Justia Criminal Law Opinion Summaries

Articles Posted in US Court of Appeals for the Seventh Circuit
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Melvin pled guilty to possessing with intent to distribute more than 50 grams of methamphetamine. The probation office prepared a presentence investigation report (PSR) and filed it with the court electronically. Melvin’s crime carried a mandatory minimum sentence of 15 years in prison followed by 10 years of supervised release. The probation office mailed Melvin’s attorney a letter, stating that the PSR had been electronically filed and that, “Pursuant to Judge Myerscough’s directive, a copy of the report has not been provided to the defendant and you should not provide a copy to them. You are responsible for reviewing the report with Mr. Melvin.” Melvin’s attorney reviewed the PSR with Melvin without giving the PSR to Melvin. Melvin’s attorney's objections to the PSR were resolved. At his sentencing hearing, Melvin asked if he could get a copy of the PSR. Judge Myerscough denied Melvin’s request, explaining that “[t]here is confidential information ... that would be harmful” to Melvin and his family. The district court sentenced Melvin to 15 years in prison and 10 years of supervised release. The Seventh Circuit affirmed. The district court did not violate 18 U.S.C. 3552(d), which only requires “disclosure,” but did violate Federal Rule of Criminal Procedure 32(e)(2) by denying Melvin a copy of his PSR but the error was harmless. Melvin’s sentence could not be lower if he were resentenced. View "United States v. Melvin" on Justia Law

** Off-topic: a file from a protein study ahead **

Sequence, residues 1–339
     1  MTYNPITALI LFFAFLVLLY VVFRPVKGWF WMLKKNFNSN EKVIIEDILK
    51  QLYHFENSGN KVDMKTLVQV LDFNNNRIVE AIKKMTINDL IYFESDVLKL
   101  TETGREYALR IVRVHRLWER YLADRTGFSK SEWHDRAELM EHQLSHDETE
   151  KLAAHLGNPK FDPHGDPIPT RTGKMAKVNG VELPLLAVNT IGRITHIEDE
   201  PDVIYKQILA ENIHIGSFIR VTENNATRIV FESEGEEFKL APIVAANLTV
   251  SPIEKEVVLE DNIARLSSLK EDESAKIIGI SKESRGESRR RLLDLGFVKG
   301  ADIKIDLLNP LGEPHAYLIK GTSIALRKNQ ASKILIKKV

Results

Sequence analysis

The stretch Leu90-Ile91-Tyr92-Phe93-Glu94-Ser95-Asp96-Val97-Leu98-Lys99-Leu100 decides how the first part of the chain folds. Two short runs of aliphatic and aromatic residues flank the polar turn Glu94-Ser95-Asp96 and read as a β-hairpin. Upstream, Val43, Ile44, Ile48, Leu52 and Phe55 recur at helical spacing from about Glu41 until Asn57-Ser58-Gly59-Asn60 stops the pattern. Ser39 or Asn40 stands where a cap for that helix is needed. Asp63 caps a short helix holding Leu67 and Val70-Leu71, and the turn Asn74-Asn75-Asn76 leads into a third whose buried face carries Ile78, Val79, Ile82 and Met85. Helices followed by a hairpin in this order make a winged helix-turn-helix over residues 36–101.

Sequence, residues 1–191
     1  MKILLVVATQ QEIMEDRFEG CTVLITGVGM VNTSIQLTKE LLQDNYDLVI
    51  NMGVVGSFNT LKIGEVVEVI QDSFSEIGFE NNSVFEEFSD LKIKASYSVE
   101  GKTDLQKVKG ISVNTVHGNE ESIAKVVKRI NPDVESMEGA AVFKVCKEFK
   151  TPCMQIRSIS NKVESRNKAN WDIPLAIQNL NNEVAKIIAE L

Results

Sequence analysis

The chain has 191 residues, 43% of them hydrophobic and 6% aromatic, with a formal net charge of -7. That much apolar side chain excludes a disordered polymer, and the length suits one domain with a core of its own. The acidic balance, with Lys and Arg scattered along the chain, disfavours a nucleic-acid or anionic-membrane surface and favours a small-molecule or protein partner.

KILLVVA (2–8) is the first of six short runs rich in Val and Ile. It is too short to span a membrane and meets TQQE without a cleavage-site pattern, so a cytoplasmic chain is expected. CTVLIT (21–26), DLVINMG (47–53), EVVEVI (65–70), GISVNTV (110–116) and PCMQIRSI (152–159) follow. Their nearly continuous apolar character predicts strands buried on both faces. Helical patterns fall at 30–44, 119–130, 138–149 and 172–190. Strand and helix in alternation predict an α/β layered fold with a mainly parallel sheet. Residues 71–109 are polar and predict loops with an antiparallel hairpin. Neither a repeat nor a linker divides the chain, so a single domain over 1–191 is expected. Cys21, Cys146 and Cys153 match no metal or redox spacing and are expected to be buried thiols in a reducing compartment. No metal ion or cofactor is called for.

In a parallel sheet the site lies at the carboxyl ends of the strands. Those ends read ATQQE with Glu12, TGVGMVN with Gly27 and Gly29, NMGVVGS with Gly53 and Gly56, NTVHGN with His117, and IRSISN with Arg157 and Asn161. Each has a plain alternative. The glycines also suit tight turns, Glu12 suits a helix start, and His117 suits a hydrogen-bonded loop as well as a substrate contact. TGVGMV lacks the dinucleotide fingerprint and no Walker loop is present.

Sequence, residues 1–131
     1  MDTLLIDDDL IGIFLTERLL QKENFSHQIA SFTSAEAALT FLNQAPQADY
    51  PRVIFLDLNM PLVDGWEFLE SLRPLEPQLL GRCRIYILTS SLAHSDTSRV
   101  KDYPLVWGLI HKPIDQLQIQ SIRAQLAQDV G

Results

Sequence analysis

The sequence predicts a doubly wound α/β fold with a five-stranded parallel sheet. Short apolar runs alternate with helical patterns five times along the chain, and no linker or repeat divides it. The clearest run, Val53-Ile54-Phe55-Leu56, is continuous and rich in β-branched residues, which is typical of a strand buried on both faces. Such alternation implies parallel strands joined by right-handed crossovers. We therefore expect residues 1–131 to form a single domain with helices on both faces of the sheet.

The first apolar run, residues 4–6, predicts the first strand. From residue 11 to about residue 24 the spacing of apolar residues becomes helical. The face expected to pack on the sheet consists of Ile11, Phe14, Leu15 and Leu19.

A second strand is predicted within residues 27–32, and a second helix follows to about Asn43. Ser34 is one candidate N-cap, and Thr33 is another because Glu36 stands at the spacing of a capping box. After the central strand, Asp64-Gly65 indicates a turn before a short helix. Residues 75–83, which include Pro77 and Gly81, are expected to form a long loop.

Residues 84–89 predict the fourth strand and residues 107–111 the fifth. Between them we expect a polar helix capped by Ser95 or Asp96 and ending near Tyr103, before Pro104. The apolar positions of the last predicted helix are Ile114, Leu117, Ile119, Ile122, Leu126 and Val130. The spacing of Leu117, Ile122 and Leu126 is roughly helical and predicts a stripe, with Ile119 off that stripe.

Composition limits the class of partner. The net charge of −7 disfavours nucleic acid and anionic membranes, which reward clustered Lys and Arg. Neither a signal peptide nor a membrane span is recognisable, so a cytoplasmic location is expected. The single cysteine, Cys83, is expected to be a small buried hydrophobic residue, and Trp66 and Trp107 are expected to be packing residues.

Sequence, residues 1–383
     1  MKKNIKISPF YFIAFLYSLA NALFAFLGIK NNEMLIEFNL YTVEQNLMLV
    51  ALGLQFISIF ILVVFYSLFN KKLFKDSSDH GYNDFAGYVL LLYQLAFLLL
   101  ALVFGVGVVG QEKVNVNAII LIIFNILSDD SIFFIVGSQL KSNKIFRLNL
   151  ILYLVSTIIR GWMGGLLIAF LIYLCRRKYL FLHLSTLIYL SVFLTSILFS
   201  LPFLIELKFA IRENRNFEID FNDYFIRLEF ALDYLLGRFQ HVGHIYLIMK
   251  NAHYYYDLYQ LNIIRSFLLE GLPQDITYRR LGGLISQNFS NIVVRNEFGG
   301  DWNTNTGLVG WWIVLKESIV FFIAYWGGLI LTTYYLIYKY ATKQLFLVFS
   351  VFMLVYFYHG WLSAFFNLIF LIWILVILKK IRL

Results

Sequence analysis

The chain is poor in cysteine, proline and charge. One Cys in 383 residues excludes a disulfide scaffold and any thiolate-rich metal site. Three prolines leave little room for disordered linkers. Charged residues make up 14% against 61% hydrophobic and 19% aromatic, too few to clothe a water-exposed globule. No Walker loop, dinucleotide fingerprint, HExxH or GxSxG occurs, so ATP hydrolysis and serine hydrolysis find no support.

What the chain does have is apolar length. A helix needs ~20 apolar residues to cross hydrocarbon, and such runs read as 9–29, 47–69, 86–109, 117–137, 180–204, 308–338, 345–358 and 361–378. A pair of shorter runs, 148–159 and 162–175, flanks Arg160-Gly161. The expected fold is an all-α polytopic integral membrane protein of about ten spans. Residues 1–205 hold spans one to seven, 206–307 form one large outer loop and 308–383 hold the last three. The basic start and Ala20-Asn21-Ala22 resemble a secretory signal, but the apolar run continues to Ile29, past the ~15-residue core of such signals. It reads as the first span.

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LaBrec, an inmate at a maximum-security institution, with a history that included prior assaults on inmates and staff, was transferred to the Restricted Housing Unit and was placed in a cell with McNeely, who was in the Unit following an assault on his prior cellmate. LaBrec was designated a “pair with care” inmate; Psychological Services were supposed to be consulted prior to assigning a cellmate. LaBrec informed the staff repeatedly of that status and was allowed to see Dr. Persike in Psychological Services. LaBrec informed Persike that McNeely was talking about beating up his last cellmate and that LaBrec did not feel safe with McNeely. LaBrec continued to ask to be moved, complaining did not feel safe. At one point he had an anxiety attack and began crying and asking for help. LaBrec was not reassigned. Three days after the cell assignment, McNeely stabbed LaBrec with a pen behind his ear, in the back, and in his shoulder. The district court rejected LaBrec’s suit under 42 U.S.C. 1983 on summary judgment. The Seventh Circuit affirmed with respect to some defendants who were unaware of surrounding circumstances that could render plausible LaBrec’s claim of a threat to his safety. The court reversed with respect to others; a jury could reasonably infer that those defendants possessed a subjective awareness of a serious risk to LaBrec and failed to take the minimal, reasonable action of inquiring further and investigating the situation. View "Labrec v. Walker" on Justia Law